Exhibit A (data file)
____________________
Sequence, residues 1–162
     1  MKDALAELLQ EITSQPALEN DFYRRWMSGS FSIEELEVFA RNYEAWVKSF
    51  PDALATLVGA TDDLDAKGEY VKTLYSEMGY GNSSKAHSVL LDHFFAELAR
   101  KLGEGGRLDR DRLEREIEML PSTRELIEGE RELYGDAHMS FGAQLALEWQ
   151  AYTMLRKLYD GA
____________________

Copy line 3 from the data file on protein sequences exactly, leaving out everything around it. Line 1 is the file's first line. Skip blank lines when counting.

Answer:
    51  PDALATLVGA TDDLDAKGEY VKTLYSEMGY GNSSKAHSVL LDHFFAELAR